A large truck had pulled in sometime after I got back to sleep. The driver was trying to start it but a dirty fuel filter was causing him some grief. The truck was modified to carry a stunt motorcycle riding ramp and he was on his way home to make some modifications and start riding at shows around north Queensland. Another camper in the rest area came to his aid and within 30 minutes had cleaned the filter and fuel lines and the truck eventually started and left heading to Rockhampton.

We hit the road just after 10am with our first planned stop at the town of Calliope (as distinct from the rest area known as Calliope River) to empty our grey and black water. The town is quite pretty and tidy looking with modern homes and shops.

We continued along the Bruce Highway until we reached the little town of Mount Larcom where we took on fresh water at the daytime rest area. Further along the road we stopped a Choice Service Station and topped up with diesel. This has to be one of the worst presented service stations we have encountered and we have seen some sorry looking servos out west. We pulled up on the northern outskirts of Rockhampton for lunch and a little snooze for me and my aching back. We decided to push on another 66 klms to the town of Marlborough and an off the highway Freedom camp site near the town pool. There is also a campsite behind the local pub. On arrival the pool campsite is now closed and penalties apply for camping. We decided not to support the town by not staying at the pub either. Despite my back I drove another 68 klms to Waverly Creek Rest Area. This is/was a nice spot to stop for the night but the toilets are ready for demolition and the Qld Department of Transport does little or no maintenance to the area. It is a disgrace as is almost all the DOT Rest areas we have encountered. Its only redeeming qualities are its location between Rockhampton and Mackay and it is set back off the highway. There were a dozen vehicles here during the night. One motorhome, three caravans, one tent, two campervans and the remainder of the people slept in their cars.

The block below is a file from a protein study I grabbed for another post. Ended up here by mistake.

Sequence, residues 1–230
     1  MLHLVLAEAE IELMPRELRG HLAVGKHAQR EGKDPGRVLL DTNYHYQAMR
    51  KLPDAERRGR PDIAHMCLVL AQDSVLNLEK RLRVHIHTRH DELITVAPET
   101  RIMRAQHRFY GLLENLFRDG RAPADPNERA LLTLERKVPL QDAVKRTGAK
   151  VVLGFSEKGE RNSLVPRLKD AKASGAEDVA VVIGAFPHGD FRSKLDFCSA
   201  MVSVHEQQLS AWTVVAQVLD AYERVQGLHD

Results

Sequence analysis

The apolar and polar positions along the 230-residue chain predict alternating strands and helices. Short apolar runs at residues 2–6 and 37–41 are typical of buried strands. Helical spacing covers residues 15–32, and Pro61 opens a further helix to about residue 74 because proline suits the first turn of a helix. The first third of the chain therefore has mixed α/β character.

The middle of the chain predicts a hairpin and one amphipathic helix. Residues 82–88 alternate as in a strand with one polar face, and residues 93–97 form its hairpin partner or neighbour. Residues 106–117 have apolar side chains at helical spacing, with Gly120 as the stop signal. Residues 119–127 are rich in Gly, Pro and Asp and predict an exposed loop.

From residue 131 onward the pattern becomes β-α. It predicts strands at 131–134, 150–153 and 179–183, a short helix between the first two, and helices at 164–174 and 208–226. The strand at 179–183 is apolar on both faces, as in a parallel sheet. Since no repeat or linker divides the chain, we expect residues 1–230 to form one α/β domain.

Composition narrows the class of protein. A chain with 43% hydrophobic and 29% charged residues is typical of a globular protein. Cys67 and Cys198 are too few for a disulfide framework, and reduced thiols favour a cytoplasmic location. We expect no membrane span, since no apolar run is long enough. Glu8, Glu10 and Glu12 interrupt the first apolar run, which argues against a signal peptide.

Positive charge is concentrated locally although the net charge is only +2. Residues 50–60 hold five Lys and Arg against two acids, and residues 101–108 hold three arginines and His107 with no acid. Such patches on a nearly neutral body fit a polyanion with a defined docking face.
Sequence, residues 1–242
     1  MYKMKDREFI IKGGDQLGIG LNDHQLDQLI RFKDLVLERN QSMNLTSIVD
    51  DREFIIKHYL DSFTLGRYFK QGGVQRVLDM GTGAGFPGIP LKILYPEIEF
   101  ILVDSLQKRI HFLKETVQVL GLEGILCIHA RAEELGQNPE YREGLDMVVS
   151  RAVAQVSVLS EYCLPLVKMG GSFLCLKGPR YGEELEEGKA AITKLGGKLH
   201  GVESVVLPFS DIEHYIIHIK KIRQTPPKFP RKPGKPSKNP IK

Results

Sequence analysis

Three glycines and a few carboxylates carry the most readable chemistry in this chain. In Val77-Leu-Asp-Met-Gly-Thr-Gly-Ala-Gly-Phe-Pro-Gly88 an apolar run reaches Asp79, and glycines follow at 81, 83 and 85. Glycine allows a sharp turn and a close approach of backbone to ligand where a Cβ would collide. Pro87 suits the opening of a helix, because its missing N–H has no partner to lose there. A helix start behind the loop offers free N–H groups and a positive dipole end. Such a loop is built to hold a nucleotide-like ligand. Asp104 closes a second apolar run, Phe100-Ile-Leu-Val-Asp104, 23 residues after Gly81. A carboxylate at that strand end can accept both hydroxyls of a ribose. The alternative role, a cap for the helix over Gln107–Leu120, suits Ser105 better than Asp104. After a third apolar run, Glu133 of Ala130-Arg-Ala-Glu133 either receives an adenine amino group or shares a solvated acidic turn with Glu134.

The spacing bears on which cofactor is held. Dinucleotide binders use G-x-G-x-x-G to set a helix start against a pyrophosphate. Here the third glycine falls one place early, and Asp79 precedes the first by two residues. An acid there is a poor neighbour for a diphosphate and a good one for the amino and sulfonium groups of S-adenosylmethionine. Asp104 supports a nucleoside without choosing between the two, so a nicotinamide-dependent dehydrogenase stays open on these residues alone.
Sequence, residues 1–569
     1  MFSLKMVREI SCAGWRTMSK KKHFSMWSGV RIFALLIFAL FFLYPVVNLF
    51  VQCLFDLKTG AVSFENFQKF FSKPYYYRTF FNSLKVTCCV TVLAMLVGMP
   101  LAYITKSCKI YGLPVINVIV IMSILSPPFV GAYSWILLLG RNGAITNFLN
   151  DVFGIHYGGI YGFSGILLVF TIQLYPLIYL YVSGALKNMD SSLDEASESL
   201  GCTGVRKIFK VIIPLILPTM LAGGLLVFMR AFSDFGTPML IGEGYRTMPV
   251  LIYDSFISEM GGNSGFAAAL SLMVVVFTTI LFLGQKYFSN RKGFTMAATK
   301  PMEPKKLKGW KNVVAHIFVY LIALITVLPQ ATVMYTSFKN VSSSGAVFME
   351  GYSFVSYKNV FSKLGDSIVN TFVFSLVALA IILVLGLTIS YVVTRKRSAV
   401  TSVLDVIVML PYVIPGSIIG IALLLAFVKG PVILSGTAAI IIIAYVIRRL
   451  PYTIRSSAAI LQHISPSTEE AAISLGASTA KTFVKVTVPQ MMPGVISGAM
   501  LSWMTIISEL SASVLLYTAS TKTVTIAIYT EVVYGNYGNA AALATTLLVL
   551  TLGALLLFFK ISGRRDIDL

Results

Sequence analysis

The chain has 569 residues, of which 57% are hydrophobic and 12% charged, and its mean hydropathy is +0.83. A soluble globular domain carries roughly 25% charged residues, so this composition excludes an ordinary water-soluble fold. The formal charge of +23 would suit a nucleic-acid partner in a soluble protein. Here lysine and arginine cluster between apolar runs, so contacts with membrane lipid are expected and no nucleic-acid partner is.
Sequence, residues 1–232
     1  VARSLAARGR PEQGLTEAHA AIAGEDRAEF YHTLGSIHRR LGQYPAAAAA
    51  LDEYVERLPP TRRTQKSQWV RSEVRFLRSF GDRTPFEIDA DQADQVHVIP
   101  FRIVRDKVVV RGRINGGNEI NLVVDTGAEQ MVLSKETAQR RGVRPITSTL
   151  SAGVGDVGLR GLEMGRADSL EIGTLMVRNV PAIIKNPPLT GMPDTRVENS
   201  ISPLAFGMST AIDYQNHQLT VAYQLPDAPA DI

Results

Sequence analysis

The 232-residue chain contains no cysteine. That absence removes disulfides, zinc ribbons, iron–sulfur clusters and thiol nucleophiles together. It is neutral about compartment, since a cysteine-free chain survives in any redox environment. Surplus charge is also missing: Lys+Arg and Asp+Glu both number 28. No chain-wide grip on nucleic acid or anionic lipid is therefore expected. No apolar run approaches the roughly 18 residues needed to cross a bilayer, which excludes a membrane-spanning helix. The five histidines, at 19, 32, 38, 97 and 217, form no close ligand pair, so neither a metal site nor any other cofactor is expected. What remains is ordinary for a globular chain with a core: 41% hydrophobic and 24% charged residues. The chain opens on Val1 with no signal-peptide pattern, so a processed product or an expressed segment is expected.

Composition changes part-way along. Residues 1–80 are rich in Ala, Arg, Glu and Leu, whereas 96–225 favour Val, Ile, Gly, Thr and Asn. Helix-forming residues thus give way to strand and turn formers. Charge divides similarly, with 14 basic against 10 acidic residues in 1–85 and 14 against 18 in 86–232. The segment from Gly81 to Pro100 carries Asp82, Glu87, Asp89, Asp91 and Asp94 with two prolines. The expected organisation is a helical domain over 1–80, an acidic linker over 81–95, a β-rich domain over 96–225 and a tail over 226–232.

Waverley Creek Rest Area. Another campsite is located at St.Lawrence 14 klms further and is about 8 klms from the highway. Because of all the heavy rain the soft clay camp area is a bit suspect and could be difficult find a dry solid place to park.

I was interested to see this car transporter loaded with marked and unmarked Police vehicles. Another camper came over to take photos so the driver started his motor and drove off.

Thursday 7th April.

A ute pulled up this morning with a sign proudly proclaiming they are the cleaners for the rest area. The lone occupant stayed just long enough to empty a couple of garbage bins and replace the plastic liners and was soon on his way. The smelly toilets remain smelly and dirty. The picnic tables remain covered in bird shit. The long weeds and rubbish strewn fenced off area still looks like a junk heap.

Sigh!

We were gone by 9am and turned off the highway at Carmilla, a further 60 klms north and proceeded to Carmilla Beach and found a delightful campspot tucked into some sheltering bushes but still with a view of the ocean out our dining room window.

Cosy sheltered campsite at Carmilla Beach

The wind is blowing quite strong so our doorway is facing away from the beach. I went for a walk along the beach

Driftwood strewn Carmilla Beach. Our campsite is equi distant from a creek mouth at each end.

before the rain arrived. Then the sun arrived. Um err then the rain arrived. Um err then the sun arrived and so the day went on. The wind has been the only constant today. Despite that we both agree this is a lovely campsite and will probably stay two nights.

Interesting lump of driftwood. Grandaughter Shelby Rose can see a Goanna, a snake and a Kookaburra shape in this view. Can you?

The sand here is unlike the fine white sand of Noosa. This is a more coarse, yellow to brown sand. At the moment the sea is a milk colour, most likely caused by the heavy rains of the last couple of months rinsing the white clay of the nearby Carmilla Creek into the ocean and the strong onshore winds blowing it back to the beach. The big 5 to 6 metre tides also picks up and moves a lot of sand. This is just the place to sit back and recharge our body batteries.

Taking time for ourselves and recharging our batteries.